In a recent BBC interview [34:46-43:35] Chhom Nimol of the Cambodian-American psychedelic rock band Dengue Fever, tells about growing up in a refugee camp under the Khmer Rouge totalitarian dictatorship.
She discusses the musical influences of the forgotten Cambodian songs in the 1960's and '70s which were banned under the vicious Khmer Rouge regime. Under this violent state of government musicians, amongst other intellectuals, were sentenced to be arrested, tortured and eventually executed. Mass genocides of educated musicians including those who simply wore glasses was commonplace for almost 30 years.
This Rough Guide celebrates the mind bending music from the 1960s and 1970s, with some of the best known artists of the day almost erradicated during the Khmer Rouge.
Nimol further paints a bleak picture of frequent slaughters and her life in a Thai refugee camp where she spent her childhood until the war ended. She is moved to tears telling about the first time she heard her sister singing on the radio, both acknowledging that she was alive, and also describing the song as angelic in beauty.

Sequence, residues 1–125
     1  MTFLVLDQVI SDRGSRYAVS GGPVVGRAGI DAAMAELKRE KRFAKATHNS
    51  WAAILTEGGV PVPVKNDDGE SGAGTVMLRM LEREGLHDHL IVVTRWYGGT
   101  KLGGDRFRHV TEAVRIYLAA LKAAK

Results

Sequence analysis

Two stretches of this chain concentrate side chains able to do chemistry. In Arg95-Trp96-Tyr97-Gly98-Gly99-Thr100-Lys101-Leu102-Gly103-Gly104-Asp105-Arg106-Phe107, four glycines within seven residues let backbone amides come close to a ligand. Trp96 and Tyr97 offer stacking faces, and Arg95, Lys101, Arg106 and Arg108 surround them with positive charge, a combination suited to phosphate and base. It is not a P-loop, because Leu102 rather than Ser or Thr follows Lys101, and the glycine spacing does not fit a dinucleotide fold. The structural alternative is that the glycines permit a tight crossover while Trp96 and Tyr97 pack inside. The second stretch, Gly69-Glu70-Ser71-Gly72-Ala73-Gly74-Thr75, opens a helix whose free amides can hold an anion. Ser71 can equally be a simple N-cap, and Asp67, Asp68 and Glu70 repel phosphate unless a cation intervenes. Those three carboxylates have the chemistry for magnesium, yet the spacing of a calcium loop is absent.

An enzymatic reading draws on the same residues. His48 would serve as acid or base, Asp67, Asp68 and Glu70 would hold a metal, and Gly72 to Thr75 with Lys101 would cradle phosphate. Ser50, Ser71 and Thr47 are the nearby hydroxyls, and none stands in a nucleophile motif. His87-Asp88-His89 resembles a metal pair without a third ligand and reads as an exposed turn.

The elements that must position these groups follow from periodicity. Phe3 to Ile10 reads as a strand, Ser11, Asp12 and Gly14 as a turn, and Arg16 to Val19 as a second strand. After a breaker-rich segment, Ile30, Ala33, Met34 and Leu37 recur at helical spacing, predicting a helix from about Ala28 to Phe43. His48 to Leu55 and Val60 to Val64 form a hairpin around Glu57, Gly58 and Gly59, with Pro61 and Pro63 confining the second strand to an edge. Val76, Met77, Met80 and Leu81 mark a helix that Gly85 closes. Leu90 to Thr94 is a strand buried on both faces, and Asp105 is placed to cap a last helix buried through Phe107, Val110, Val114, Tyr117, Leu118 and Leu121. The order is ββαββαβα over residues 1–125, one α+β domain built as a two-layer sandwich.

Despite the adversity of musicians and other intellects in Cambodia at the time, after the civil war ended, Nimol was inspired and encouraged to pursue a career in singing. The purity and heavenly quality of her voice eventually earned her the title of Best Female Singer in Cambodia (1997) as a landmark achievement. Since then, Nimol has built her career with the band Dengue Fever (Zac Holtzman, Ethan Holtzman, Senon Williams, David Ralicke & Paul Smith). Notably receiving numerous critical accolades, touring internationally and recording seven studio albums since 2001. The most recently recorded album released earlier this yearThe Deepest Lake, is yet another account of virtuosity and deep musical insight from Chhom Nimol and Dengue Fever.
Dengue Fever live performance and interview discuss the Khmer Rouge: